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Publication numberUS7458937 B2
Publication typeGrant
Application numberUS 11/032,662
Publication dateDec 2, 2008
Filing dateJan 11, 2005
Priority dateJan 11, 2005
Fee statusPaid
Also published asUS20060155167
Publication number032662, 11032662, US 7458937 B2, US 7458937B2, US-B2-7458937, US7458937 B2, US7458937B2
InventorsStephen Bennett Elliott
Original AssigneeCoherence Llc
Export CitationBiBTeX, EndNote, RefMan
External Links: USPTO, USPTO Assignment, Espacenet
Method and system for assessing breathing effectiveness via assessment of the dynamic arterial pressure wave using the oscillometric measurement technique
US 7458937 B2
Abstract
The present invention specifies a method and system for assessing breathing effectiveness via dynamic assessment of respiratory sinus arrhythmia and the consequent arterial pressure wave using the oscillometric measurement technique. Arterial pressure wave peak pressure, valley pressure, amplitude, and rate are characterized and displayed for diagnostic and remedial purposes. The dynamic change in respiratory sinus arrhythmia and resultant arterial pressure wave is visually presented in real time as user biofeedback. A respiratory sinus arrhythmia generator generates varying frequencies to which the user synchronizes their breathing cycle for purposes of increasing arterial pressure wave amplitude with a consequent increase in breathing depth and decrease in breathing frequency. An instructive method in the application of the present invention is also specified.
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Claims(30)
1. A method for assessing breathing optimality of a patient comprising:
measuring a varying breathing induced arterial pressure wave of a patient;
assessing optimality of a breathing process of the patient based on the measured arterial pressure wave; and
providing a characterization to the patient of the optimality of the patient's breathing process based on the measured arterial pressure wave.
2. The method of claim 1 wherein measuring the varying breathing induced arterial pressure wave of the patient comprises measuring a varying pulse pressure of the patient via oscillometry.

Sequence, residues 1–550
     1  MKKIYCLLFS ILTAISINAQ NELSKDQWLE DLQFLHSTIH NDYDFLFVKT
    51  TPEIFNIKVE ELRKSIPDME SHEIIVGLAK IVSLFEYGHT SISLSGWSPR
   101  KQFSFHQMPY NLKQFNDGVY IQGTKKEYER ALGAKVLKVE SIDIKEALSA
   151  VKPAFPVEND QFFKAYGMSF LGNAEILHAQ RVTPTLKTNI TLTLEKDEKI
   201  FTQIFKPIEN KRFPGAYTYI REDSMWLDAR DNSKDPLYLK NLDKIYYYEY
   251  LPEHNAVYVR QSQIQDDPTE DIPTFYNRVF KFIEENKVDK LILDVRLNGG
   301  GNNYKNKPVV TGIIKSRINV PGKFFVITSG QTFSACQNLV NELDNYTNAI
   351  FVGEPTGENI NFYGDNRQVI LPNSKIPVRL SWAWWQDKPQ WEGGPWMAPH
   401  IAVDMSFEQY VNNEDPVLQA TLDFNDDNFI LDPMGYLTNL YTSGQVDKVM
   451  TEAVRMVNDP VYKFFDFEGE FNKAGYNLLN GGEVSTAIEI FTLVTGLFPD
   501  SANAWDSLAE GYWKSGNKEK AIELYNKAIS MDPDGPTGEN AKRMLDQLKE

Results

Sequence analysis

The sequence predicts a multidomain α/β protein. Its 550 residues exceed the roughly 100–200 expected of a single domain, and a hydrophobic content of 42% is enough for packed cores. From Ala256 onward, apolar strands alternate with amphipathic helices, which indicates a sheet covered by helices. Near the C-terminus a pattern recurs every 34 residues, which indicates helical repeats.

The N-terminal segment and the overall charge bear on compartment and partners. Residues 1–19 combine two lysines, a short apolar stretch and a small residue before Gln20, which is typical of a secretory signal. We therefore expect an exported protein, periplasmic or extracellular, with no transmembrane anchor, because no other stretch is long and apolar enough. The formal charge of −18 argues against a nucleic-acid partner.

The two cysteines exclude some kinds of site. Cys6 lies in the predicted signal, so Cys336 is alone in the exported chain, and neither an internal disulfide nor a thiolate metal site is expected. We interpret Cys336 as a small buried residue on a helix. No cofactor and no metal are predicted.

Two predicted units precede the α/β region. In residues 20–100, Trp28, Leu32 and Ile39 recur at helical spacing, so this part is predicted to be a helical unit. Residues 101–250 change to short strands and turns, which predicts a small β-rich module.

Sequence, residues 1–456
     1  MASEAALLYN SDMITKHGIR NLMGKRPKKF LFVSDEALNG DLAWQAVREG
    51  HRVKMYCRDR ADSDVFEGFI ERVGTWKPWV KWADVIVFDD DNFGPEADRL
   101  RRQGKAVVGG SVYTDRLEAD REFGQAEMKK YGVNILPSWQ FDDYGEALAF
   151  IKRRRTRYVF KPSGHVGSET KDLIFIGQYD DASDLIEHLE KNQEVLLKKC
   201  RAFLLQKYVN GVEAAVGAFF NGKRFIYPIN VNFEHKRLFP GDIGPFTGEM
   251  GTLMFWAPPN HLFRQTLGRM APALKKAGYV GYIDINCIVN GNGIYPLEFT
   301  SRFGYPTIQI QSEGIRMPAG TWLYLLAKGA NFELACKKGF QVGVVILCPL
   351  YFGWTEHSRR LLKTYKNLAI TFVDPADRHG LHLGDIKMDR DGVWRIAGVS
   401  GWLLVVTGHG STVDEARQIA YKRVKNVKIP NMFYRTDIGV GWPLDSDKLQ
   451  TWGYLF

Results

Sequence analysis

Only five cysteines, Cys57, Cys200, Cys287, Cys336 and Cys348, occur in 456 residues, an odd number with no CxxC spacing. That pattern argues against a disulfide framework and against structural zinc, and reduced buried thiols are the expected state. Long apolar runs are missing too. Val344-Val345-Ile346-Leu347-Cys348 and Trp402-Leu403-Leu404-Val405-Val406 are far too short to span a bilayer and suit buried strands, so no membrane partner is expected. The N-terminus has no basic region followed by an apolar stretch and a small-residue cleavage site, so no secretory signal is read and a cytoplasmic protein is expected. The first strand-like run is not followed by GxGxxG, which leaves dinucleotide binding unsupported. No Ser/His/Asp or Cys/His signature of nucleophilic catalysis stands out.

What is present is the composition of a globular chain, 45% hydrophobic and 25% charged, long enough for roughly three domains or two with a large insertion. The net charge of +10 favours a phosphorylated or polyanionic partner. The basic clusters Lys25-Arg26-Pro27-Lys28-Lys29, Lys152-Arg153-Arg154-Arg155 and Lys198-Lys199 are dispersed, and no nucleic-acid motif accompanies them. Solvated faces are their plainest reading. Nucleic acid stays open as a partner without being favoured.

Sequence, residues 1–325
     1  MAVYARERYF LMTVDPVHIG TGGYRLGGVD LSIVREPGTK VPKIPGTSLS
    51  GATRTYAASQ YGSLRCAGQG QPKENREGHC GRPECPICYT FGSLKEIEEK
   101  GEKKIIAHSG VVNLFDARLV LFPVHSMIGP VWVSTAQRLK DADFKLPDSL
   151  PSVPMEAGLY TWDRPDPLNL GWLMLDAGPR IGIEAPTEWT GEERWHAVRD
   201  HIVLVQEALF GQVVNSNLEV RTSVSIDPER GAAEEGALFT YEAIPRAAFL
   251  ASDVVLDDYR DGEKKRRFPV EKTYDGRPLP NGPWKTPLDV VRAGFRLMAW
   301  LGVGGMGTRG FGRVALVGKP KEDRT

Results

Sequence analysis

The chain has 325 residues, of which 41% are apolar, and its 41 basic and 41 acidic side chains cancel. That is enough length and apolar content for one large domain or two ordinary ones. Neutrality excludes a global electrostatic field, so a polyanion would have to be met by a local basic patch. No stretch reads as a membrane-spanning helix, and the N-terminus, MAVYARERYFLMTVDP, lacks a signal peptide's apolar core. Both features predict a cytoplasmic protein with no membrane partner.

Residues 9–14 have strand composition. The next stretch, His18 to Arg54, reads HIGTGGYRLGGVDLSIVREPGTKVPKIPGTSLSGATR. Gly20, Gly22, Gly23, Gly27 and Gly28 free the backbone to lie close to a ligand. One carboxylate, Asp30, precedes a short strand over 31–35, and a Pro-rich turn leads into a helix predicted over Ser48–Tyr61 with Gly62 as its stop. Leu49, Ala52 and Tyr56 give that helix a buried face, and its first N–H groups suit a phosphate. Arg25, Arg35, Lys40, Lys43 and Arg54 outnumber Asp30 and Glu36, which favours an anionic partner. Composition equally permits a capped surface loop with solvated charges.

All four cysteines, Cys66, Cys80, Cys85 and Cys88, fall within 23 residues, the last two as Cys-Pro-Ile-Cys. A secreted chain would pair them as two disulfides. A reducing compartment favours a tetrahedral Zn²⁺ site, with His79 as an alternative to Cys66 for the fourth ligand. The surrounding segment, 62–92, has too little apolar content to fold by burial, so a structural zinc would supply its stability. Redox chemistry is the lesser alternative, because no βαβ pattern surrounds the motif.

3. The method of claim 1 wherein measuring the varying breathing induced arterial pressure wave of the patient comprises measuring one or more from the group consisting of a pulse pressure amplitude of the patient, pulse pressure periodicity of the patient, and coherence of the patient.
4. The method of claim 1 wherein measuring the varying breathing induced arterial pressure wave of the patient comprises measuring oscillometric characteristics of the arterial pressure wave of the patient over a measurement interval including multiple breathing cycles; and
wherein assessing optimality of a breathing process of the patient based on the measured arterial pressure wave comprises assessing changes in the arterial pressure wave pressure of the patient over the measurement interval using the oscillometric characteristics.
5. The method of claim 1 wherein assessing the optimality of a breathing process of the patient is performed for an approximate 60 second period defining an arterial pressure wave assessment cycle and further comprises:
sustaining a pulse oscillation for the approximate 60 second period by gradually reducing a cuff pressure; and
measuring multiple arterial pressure wave cycles of the patient during the arterial pressure wave assessment cycle.
6. The method of claim 1 wherein measuring the varying breathing induced arterial pressure wave of the patient further comprises
detecting cardiac systole of the patient; and
detecting pulse oscillations of the patient corresponding to the cardiac systole occurring at the peak of the breathing induced arterial pressure wave.
7. The method of claim 1 wherein measuring the varying breathing induced arterial pressure wave of the patient comprises:
measuring an oscillometric pulse oscillation amplitude of the patient; and
measuring an arterial pressure wave amplitude of the patient as a function of the measured oscillometric pulse oscillation amplitude of the patient, and
wherein providing a characterization to the patient of the optimality of the patient's breathing process based on the measured arterial pressure wave comprises displaying the arterial pressure wave amplitude of the patient on a display for diagnostic and remedial purposes.
8. The method of claim 1 wherein measuring the varying breathing induced arterial pressure wave of the patient comprises:
measuring an oscillometric pulse oscillation periodicity of the patient; and
measuring an arterial pressure wave rate of the patient as a function of the oscillometric pulse oscillation periodicity, and
wherein providing a characterization to the patient of the optimality of the patient's breathing process based on the measured arterial pressure wave comprises displaying the arterial pressure wave rate of the patient on a display for diagnostic and remedial purposes.
9. The method of claim 1 wherein measuring the varying breathing induced arterial pressure wave of the patient comprises:
measuring an oscillometric pulse oscillation amplitude of the patient;